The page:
Specialised services are those provided in relatively few hospitals, accessed by comparatively small numbers of patients but with catchment populations of usually more than one million. These services tend to be located in specialised hospital trusts that can recruit a team of staff with the appropriate expertise and enable them to develop their skills.
Specialised services account for approximately 14% of the total NHS budget, spending circa £13.8 billion per annum. The commissioning of specialised services is a prescribed direct commissioning responsibility of NHS England. Four factors determine whether NHS England commissions a service as a prescribed specialised service. These are:
- The number of individuals who require the service;
- The cost of providing the service or facility;
- The number of people able to provide the service or facility and
- The financial implications for Clinical Commissioning Groups (CCGs) if they were required to arrange for provision of the service or facility themselves.
The ambition of NHS England is to bring equity and excellence to the provision of specialised care and treatment. This is achieved through a commissioning process which is patient-centred and outcome based i.e., the patient is central to planning and delivery. Commissioners, working with providers, must deliver improved outcomes for them across each of the five domains of the 2013/14 NHS Outcomes Framework; is fair, consistent throughout the country, ensuring that patients have equal access to services regardless of their location, and; Improves productivity and efficiency.
A nationally consistent and coherent approach to specialised commissioning is built on universal support. To date, there has been wide variation in how each region discharges its commissioning responsibilities. This has resulted in inconsistencies in the management of the commissioning cycle e.g. budget setting, contract negotiation, performance management and the development and application of service specifications, commissioning policies and quality standards. It has also resulted in duplication of some activities and functions.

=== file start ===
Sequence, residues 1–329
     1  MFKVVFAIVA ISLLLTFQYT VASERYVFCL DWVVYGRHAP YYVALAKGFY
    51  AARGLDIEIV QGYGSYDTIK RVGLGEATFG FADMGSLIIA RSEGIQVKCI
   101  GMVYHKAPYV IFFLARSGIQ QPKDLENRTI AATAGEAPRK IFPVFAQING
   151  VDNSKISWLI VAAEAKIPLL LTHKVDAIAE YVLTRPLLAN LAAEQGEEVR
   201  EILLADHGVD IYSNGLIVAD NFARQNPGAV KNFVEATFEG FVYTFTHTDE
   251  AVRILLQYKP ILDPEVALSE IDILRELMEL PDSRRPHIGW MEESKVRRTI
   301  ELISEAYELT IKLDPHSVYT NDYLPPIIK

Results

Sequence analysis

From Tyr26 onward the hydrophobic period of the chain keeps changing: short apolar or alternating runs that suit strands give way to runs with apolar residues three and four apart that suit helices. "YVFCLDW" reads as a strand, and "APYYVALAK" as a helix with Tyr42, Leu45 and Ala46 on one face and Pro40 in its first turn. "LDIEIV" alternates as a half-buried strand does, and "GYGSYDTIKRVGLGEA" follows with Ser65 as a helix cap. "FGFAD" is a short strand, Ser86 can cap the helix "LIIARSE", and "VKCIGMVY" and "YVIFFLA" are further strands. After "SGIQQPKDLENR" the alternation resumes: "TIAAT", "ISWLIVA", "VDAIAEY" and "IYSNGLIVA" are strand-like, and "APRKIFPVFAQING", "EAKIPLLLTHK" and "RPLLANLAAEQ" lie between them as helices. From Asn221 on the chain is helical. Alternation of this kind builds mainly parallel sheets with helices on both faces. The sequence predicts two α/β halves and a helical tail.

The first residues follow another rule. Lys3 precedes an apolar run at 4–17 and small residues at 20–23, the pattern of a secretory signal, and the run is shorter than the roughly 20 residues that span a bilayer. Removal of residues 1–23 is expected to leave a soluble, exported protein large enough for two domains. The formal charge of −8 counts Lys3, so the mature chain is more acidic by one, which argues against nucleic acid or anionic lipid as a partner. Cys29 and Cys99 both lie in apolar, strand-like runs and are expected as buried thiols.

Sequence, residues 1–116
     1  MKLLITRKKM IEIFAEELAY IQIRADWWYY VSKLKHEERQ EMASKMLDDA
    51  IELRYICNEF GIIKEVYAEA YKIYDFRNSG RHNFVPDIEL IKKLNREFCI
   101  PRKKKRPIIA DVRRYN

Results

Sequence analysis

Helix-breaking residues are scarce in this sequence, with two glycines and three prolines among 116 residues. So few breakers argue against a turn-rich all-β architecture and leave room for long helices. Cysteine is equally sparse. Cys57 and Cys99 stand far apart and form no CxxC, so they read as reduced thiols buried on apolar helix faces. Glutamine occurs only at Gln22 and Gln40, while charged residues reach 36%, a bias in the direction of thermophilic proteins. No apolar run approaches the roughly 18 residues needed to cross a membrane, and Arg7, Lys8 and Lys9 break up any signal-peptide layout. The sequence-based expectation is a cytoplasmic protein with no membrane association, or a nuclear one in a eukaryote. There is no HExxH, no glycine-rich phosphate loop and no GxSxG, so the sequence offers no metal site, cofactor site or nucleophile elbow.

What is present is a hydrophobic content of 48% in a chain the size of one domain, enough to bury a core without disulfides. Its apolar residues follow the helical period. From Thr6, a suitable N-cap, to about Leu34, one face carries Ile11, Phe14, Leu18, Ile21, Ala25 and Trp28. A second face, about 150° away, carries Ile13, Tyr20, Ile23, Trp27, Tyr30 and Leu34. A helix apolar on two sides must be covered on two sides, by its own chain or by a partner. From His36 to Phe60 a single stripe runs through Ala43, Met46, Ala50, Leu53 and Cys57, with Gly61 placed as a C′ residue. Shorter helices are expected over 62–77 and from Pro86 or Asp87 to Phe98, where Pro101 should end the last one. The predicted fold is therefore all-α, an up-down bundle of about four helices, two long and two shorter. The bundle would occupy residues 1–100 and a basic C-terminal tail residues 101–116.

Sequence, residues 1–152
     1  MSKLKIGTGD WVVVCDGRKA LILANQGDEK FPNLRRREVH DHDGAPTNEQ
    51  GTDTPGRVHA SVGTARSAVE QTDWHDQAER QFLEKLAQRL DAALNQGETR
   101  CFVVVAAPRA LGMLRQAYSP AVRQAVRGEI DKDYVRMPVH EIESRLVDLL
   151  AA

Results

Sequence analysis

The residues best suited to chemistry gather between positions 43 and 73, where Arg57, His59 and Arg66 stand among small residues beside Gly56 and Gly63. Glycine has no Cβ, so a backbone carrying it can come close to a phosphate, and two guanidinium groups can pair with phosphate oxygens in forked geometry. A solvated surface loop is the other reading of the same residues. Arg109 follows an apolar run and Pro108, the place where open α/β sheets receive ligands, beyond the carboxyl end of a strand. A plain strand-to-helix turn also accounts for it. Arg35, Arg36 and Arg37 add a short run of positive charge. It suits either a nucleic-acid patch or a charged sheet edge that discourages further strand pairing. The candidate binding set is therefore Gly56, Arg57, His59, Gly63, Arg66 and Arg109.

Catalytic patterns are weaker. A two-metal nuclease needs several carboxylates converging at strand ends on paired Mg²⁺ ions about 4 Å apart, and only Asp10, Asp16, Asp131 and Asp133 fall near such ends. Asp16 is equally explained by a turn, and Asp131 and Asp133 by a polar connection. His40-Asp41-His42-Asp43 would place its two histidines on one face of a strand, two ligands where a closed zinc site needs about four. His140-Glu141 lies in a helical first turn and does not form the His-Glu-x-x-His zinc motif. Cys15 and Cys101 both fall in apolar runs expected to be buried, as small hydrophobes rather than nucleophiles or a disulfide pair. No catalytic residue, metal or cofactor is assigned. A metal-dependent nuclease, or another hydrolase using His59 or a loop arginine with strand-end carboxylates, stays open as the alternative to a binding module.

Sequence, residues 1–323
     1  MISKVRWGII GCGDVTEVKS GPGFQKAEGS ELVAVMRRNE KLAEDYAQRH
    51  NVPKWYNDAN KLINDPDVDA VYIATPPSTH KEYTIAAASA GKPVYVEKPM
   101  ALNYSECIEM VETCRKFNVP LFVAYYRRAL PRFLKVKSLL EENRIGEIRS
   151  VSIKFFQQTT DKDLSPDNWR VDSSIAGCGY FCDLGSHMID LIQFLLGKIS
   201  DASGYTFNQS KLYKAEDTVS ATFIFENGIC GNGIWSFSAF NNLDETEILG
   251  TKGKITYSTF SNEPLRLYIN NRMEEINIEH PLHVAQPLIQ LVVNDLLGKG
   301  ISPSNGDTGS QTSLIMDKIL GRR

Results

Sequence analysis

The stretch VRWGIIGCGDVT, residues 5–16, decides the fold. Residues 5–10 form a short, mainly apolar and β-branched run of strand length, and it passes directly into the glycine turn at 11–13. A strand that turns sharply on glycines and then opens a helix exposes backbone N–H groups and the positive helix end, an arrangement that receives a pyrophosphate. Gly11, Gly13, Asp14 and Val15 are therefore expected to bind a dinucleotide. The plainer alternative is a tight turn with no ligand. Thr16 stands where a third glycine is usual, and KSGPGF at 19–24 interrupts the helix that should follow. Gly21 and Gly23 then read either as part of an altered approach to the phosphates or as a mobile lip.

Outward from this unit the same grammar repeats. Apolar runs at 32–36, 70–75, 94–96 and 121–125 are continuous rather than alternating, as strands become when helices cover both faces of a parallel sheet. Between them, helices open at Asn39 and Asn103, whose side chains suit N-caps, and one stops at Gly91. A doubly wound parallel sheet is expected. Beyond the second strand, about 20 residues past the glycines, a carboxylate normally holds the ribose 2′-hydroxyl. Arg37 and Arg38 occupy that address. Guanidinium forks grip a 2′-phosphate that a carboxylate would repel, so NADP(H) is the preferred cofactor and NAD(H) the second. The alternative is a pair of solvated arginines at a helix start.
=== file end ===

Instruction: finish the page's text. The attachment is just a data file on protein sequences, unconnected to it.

A consistent approach to central planning that is delivered locally will help to tackle these variations and take positive steps towards raising standards of care for all patients receiving treatment for rare and specialised conditions with equity across the country.
NB> Specialist commisssioning does not apply to Scotland, Wales & N Ireland
SNS for faecal incontinence can only be performed in units recognised by the Local Area Team (LAT). A pre authorisation form needs to be completed prior to a temporary and a permanent implantation being performed. This is to ensure that patients are discussed at a pelvic floor MDT and that the appropriate conservative measures have been followed as per NICE guidelines. There is a CQUIN attached to this which if not complied with, results in a reduction in payment.
Surgical treatments for pelvic organ prolapse are within the specialised gynae clinical reference group. Specialised commissioning services are only involved when there is a recurrent prolapse, or recurrent urinary incontinence. In other words, LVMR for internal or external rectal prolapse is funded, should it be considered appropriate by the local CCG.
Obviously, it would make sense to have one service specification for the specialised commissioning of functional pelvic floor disorders. This must be our aim but there are significant hurdles to overcome before this is achieved. The PFS governance committee working with the Clinical Reference Groups for specialised colorectal and gynae are committed to this goal.